Bay Mills Health Center to be recognized by IHS

BAY MILLS — The Bay Mills Health Center Pandemic Response Team is being recognized for their efforts during the pandemic by the Indian Health Service. The team will be awarded the IHS Director’s Award award at ceremonies on Friday, June 10 in Bloomington, Minn.

The award recognizes service “significantly advancing the IHS mission and goals through enhancements supporting IHS strategic goals, which include: to ensure that comprehensive, culturally appropriate personal and public health services are available and accessible to American Indian and Alaska Native people; to promote excellence and quality through innovation of the Indian health system into an optimally performing organization; and to strengthen IHS program management and operations.”

Part of the criteria to receive this honor includes “unusual acts of competence, compassion, or heroism” and “outstanding contributions to a committee or task force.”

Bay Mills received their first batch of testing supplies from the Indian Health Services in June of 2020. From there, their efforts to protect the community flourished.

The BMHC pandemic response efforts included developing a call center, implementing drive-up testing and vaccination clinics, and regularly communicating with elected officials and the community.

In 2021, 3,050 COVID-19 tests were administered to patients, employees, and the general public. To provide an extra layer of protection for BMHC staff and patients, tests were administered outdoors while test recipients remained in their vehicles. Staff endured grueling winter weather to provide this critical service. Members of the team worked night and day, focused on community safety.

“Initially staff time consisted of  testing tribal members, patients, Chippewa County residents. This was later expanded to anyone one who needed to be tested,” said Health Director Audrey Breakie.  “It was  mayhem, but we were able to streamline the process and  test multiple people. We did this more as a surveillance technique initially, as some individuals were non-symptomatic and we wanted to deter the spread of the virus.”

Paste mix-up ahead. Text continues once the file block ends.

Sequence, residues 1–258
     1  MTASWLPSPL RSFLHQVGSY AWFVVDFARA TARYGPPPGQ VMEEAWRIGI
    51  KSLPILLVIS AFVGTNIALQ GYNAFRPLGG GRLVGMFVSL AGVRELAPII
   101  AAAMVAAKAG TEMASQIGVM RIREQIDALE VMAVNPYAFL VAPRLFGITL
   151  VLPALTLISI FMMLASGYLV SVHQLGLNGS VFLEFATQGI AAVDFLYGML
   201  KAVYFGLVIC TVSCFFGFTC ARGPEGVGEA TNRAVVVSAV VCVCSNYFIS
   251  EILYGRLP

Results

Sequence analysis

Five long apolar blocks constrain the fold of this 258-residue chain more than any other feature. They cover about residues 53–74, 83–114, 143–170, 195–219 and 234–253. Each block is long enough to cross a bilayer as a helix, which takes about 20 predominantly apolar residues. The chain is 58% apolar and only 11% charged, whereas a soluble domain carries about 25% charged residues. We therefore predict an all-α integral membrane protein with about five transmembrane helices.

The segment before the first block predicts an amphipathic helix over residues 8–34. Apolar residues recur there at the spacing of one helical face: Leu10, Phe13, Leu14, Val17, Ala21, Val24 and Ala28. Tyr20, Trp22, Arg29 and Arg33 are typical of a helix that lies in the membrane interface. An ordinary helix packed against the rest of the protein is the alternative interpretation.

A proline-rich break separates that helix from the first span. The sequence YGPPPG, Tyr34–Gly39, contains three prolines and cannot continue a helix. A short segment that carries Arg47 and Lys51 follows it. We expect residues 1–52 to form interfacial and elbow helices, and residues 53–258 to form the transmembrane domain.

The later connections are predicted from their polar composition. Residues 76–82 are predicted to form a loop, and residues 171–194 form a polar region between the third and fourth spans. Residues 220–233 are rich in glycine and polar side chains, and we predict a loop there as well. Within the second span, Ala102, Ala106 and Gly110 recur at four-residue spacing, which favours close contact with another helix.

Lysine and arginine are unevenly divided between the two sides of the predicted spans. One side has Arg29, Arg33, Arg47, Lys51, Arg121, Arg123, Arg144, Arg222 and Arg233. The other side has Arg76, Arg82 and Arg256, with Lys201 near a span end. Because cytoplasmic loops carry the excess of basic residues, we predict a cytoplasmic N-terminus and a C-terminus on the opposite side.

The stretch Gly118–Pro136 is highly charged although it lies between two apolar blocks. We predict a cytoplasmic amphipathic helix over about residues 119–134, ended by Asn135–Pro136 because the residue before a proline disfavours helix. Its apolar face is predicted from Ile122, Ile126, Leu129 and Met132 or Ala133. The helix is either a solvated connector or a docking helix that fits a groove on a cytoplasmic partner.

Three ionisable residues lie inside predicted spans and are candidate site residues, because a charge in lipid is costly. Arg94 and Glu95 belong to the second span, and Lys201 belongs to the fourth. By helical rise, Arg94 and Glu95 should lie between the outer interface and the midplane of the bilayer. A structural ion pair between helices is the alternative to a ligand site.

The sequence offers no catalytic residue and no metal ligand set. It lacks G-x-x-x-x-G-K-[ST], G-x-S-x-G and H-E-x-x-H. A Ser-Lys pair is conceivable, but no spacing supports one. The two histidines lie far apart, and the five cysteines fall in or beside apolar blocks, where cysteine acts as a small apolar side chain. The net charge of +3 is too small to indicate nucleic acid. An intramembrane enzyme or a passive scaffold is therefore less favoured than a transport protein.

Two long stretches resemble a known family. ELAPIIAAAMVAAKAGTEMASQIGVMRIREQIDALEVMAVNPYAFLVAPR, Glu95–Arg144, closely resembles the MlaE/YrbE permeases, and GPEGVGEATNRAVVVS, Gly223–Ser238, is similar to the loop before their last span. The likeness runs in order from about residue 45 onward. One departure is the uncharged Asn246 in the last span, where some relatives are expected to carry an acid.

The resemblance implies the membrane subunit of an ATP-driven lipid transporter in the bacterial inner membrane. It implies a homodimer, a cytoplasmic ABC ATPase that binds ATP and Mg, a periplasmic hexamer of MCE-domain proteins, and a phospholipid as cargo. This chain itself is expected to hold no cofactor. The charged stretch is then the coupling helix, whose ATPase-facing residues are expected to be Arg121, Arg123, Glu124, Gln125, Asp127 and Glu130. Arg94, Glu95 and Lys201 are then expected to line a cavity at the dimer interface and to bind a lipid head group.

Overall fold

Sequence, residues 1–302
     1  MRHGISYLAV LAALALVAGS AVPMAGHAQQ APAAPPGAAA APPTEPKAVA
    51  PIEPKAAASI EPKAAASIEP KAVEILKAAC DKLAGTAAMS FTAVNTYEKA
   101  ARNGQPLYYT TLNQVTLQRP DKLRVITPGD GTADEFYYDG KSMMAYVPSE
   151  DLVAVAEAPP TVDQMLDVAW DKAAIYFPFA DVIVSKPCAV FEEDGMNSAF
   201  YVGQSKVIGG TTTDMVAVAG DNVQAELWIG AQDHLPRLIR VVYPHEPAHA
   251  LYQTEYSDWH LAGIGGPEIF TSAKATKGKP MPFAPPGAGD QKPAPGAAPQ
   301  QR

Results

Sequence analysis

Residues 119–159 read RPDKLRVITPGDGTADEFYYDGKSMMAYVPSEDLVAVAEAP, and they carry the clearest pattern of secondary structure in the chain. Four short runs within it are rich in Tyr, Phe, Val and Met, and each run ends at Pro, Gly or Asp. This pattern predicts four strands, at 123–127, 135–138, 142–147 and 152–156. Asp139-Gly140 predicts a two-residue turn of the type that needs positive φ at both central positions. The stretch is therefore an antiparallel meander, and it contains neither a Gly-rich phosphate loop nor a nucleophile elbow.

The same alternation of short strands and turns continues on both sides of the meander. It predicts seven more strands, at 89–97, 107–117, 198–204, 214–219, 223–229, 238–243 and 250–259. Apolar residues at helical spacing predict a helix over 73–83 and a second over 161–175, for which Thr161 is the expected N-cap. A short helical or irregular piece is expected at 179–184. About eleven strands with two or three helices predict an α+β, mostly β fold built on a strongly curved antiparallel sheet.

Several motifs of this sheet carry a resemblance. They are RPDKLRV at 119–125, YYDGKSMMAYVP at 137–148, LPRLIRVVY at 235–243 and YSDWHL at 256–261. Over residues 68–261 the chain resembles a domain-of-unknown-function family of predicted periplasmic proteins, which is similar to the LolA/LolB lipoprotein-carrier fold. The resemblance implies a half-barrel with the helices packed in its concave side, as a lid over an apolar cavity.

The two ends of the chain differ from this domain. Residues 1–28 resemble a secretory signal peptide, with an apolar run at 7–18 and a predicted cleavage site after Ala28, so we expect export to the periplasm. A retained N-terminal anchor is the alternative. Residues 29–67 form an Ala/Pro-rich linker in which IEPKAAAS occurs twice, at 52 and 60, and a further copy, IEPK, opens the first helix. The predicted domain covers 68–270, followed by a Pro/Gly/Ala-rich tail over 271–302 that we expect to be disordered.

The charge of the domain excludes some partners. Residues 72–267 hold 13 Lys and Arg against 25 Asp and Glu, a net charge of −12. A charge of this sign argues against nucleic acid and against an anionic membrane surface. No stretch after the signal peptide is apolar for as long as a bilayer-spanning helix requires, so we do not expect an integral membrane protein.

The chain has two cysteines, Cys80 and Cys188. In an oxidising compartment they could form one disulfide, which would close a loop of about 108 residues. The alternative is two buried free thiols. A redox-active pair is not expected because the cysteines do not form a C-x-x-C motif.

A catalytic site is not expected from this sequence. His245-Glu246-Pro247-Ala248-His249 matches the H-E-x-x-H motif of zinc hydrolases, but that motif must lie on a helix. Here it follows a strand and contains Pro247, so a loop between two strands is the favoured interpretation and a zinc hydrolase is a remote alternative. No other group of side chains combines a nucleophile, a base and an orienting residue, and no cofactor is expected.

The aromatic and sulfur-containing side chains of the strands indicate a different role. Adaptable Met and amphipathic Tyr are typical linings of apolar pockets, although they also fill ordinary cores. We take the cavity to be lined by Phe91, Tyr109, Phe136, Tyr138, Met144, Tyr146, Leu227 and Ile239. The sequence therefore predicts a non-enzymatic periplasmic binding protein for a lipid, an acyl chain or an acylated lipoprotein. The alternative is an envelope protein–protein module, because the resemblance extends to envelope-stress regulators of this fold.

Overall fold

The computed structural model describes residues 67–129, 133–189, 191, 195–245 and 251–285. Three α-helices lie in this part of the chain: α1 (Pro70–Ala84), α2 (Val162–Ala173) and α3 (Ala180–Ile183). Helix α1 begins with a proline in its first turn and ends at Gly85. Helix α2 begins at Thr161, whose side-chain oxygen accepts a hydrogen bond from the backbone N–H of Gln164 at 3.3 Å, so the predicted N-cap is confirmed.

In addition to regular testing, BMHC administered vaccines efficiently by utilizing resources in-house, and initiating partnerships with other local agencies including Lake Superior State University, War Memorial Hospital, Chippewa County Health Department, and the Inter-Tribal Council of Michigan.  Mass vaccinations clinics were held throughout the county to help stop the spread of COVID-19.

When vaccines were in short supply, tribal members traveled from as far away as Colorado and Texas to get the vaccine.

“We had tremendous support from tribal administration to test and then vaccinate all, this made our work considerably easier.   The most amazing was our staff members, they gave and gave endlessly  testing, vaccinating and tracking those with the virus.  They provided supplies such as education,  thermometers  and pulse oximeters,” said Breakie.  “I sit back today and  I am in awe of those who stepped up, demonstrated leadership and skill sets not comparable to anything I have ever seen.  I am extremely grateful and continue to be for this team’s response to this pandemic I have a respect for this staff like no other.”

Bay Mills Health Center continues to vaccinate and educate individuals in the tricounty area. To date, they have fully vaccinated 3,358 individuals.

“Do I believe we are through the pandemic? I am very cautious to make that statement.  But I do know we have more tools and the country has more tools at our fingertips to treat those who become infected with the virus and all its variants to save lives,” concluded Breakie.

This story was prepared by the staff at EUP News or contributed from an outside source.

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